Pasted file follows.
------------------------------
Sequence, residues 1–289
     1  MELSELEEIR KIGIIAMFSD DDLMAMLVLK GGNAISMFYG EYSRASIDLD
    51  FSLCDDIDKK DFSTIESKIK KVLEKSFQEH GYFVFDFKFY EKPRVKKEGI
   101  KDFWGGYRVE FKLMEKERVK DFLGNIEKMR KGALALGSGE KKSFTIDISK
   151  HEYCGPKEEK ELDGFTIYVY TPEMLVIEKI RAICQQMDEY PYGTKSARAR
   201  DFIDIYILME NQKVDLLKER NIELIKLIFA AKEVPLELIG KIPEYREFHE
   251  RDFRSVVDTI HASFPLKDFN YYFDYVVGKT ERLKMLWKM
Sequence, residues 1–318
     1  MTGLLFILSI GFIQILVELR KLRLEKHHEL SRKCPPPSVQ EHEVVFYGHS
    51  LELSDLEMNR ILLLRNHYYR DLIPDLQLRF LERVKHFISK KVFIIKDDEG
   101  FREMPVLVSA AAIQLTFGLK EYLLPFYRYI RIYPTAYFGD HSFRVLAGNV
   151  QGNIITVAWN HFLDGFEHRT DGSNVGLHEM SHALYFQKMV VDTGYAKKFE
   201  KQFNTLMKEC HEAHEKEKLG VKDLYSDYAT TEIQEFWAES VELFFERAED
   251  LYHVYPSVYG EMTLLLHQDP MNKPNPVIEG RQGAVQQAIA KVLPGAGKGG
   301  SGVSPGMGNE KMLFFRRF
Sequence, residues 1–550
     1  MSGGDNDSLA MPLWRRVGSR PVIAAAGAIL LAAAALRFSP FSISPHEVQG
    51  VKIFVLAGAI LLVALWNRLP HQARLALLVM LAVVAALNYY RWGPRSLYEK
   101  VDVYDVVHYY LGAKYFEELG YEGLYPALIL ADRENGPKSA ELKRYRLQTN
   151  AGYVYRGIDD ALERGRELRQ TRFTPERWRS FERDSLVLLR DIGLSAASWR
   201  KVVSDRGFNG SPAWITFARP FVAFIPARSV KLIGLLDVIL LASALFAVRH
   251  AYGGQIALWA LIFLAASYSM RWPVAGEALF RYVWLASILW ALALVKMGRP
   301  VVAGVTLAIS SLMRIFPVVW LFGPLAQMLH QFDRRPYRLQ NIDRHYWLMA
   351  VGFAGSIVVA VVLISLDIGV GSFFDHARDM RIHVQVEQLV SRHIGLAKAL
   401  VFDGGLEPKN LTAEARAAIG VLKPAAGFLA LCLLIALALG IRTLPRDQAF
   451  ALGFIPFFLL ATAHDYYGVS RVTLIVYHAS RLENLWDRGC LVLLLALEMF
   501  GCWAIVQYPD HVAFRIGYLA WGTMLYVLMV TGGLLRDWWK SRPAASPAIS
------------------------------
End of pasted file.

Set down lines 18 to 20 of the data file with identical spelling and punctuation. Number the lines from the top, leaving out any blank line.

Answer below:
    51  VKIFVLAGAI LLVALWNRLP HQARLALLVM LAVVAALNYY RWGPRSLYEK
   101  VDVYDVVHYY LGAKYFEELG YEGLYPALIL ADRENGPKSA ELKRYRLQTN
   151  AGYVYRGIDD ALERGRELRQ TRFTPERWRS FERDSLVLLR DIGLSAASWR